And here is one of the earlier gingerbread persons:
Some parts of Killerman’s projects still have merit: the comment thread on this post has some good stuff in it. But I think legitimately, some people will not want to visit his websites.
As Laverne Cox said when this issue of plagiarism was brought to her attention,
“…those who lay the groundwork don’t often get the credit. The universe is trying to tell me something. We cannot silence the voices of those doing the hard work so that we can flourish.”
(Sorry I can’t find the exact tweet. This is also in the storify post linked above.)
That is, without respect for the people we are trying to support, our support is hollow.
From Cisnormativity (the Storify OP):
Without that respect, any work done in the name of social justice isn’t actually the practice of social justice. It’s erasure. It’s a tossing of the most marginal people from the bus of acceptance, enfranchisement, and citizenship. It’s the theft of lived experiences. It’s why intersectionally marginalized people along multiple axes still cannot reach so many of their dreams, their potentials, or their hopes .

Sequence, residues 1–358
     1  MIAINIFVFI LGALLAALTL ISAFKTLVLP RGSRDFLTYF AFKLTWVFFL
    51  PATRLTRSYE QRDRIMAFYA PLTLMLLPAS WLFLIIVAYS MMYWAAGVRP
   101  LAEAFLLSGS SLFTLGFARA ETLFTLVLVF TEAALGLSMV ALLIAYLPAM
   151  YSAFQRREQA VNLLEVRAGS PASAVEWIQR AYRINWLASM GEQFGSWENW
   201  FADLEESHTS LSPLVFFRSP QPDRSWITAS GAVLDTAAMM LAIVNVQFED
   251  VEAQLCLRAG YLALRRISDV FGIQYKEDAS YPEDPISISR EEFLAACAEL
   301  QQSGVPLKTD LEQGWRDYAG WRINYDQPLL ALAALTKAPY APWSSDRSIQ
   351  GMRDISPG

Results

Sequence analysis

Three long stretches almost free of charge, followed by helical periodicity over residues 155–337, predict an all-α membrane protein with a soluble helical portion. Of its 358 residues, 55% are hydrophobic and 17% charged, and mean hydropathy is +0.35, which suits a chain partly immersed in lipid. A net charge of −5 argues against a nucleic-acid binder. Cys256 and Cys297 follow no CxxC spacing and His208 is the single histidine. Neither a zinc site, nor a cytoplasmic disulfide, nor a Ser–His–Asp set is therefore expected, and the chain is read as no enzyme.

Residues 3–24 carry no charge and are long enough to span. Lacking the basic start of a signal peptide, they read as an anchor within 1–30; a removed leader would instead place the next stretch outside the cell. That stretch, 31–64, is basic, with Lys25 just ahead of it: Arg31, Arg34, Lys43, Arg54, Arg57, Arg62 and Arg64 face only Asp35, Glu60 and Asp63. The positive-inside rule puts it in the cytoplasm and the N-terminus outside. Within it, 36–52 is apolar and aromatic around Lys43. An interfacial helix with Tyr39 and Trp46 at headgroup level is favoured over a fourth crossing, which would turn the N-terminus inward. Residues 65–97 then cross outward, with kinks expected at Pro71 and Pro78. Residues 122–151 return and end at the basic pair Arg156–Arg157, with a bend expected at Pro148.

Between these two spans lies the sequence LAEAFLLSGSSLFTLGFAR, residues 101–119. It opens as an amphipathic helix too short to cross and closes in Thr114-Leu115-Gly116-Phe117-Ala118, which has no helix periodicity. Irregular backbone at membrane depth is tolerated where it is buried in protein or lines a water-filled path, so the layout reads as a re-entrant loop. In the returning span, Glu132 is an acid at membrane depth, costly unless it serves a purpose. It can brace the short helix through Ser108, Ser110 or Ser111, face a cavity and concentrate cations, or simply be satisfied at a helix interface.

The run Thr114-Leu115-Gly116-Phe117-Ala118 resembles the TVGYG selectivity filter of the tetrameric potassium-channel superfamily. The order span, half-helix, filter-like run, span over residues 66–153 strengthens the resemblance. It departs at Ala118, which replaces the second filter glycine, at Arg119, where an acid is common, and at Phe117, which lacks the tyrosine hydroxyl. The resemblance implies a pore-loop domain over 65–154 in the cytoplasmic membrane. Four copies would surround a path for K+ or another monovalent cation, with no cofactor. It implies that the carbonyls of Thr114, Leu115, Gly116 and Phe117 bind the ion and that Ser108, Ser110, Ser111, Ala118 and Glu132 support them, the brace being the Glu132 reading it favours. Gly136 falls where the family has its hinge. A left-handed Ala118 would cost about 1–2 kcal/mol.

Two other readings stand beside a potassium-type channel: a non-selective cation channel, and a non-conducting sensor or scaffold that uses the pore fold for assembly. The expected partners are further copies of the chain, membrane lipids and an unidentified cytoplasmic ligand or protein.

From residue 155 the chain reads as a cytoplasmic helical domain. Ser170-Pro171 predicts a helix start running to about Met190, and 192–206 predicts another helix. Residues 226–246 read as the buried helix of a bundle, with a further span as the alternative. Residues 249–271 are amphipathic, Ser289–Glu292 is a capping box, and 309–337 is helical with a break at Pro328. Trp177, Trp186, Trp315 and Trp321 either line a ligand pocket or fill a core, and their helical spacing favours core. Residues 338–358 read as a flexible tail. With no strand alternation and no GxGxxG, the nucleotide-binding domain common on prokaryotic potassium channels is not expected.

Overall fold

Women: not uninterested in sex after all July 13, 2013
in scientific tests, women become aroused when they watch a film of two copulating bonobos (men don’t, by the way), and that they strongly deny this arousal when asked. The explanation, proffered tentatively by Bergner, is that female sexuality is as raw and bestial as male sexuality. But, unlike men, our animal urges are stoutly denied, by society and by ourselves, so that when they surface, it is not as a manageable stream, but as a rushing torrent that will sweep up everything it passes, even a pair of shagging primates.